Jhumpa Lahiri, Janet Silver
“The most important book about schizophrenia in decades, and perhaps ever…a total game-changer.” —Sylvia Nasar, author of A Beautiful Mind
A comprehensive, deeply researched, and highly readable portrait of schizophrenia—its history, its various manifestations, and how today’s treatments have promising and often lifesaving potential.
This “incredibly captivating” (Siddhartha Mukherjee, author of The Emperor of All Maladies) portrait of schizophrenia, the most malignant and mysterious mental illness, by renowned psychiatrist Jeffrey Lieberman, interweaves cultural and scientific history with dramatic patient profiles and clinical experiences to impart a revolutionary message of hope. For the first time in history, we can effectively treat schizophrenia, limiting its disabling effects—and we’re on the verge of being able to prevent the disease’s onset entirely.
Drawing on his four-decade career, Dr. Jeffrey Lieberman expertly illuminates the past, present, and future of this historically dreaded and devastating illness. Interweaving history, science, and policy with personal anecdotes and clinical cases, Malady of the Mind is a rich, illuminating experience written in accessible, fluid prose. From Dr. Lieberman’s vantage point at the pinnacle of academic psychiatry, informed by extensive research experience and clinical care of thousands of patients, he explains how the complexity of the brain, the checkered history of psychiatric medicine, and centuries of stigma combined with misguided legislation and health care policies have impeded scientific advances and clinical progress. Despite this, there is reason for optimism: by offering evidence-based treatments that combine medication with psychosocial services and principles learned from the recovery movement, doctors can now effectively treat schizophrenia by diagnosing patients at a very early stage, achieving a mutually respectful therapeutic alliance, and preventing relapse, thus limiting the progression of the illness. Even more promising, decades of work on diagnosis, detection, and early intervention have pushed scientific progress to the cusp of prevention—meaning that in the near future, doctors may be able to prevent the onset of this disorder.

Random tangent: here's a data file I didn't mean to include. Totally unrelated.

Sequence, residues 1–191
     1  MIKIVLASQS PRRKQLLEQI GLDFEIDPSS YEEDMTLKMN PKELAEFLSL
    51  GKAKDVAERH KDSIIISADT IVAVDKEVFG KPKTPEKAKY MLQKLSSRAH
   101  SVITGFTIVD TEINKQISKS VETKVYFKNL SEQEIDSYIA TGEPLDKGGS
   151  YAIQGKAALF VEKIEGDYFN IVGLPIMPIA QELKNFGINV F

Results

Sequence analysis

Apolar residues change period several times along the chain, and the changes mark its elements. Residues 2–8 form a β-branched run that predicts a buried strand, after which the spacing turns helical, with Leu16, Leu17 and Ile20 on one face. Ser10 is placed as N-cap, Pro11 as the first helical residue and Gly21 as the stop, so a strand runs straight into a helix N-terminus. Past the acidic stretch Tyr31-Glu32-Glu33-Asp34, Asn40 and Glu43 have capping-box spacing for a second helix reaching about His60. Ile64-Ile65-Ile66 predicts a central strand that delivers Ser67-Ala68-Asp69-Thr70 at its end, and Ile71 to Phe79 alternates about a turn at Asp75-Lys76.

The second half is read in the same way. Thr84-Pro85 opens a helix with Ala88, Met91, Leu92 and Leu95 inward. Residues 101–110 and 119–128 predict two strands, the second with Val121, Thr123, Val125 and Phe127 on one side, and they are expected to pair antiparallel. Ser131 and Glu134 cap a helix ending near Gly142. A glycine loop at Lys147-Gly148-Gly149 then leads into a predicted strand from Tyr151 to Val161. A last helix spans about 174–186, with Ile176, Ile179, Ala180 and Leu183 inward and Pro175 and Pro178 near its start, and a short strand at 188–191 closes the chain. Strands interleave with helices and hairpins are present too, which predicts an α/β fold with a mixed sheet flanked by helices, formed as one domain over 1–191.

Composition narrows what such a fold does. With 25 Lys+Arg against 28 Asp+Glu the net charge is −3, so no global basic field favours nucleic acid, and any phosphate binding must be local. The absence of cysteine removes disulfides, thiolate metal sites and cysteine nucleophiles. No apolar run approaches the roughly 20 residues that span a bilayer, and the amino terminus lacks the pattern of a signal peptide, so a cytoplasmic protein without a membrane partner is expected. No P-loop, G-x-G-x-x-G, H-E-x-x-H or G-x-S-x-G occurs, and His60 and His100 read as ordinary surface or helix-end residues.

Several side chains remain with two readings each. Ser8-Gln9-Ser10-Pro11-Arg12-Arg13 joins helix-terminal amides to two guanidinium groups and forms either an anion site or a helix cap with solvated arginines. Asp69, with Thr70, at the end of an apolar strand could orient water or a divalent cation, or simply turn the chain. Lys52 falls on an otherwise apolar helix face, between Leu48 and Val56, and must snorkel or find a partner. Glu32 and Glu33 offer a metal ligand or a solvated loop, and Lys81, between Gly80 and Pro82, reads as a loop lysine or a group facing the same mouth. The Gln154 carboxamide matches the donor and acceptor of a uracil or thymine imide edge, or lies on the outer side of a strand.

A must-read for those interested in medical history, psychology, and those whose lives have been affected by schizophrenia, this “penetrating, important” (Andrew Solomon, author of Noonday Demon) work offers a comprehensive scientific portrait, crucial insights, sound advice for families and friends, and most importantly, hope for those sufferers now and future generations.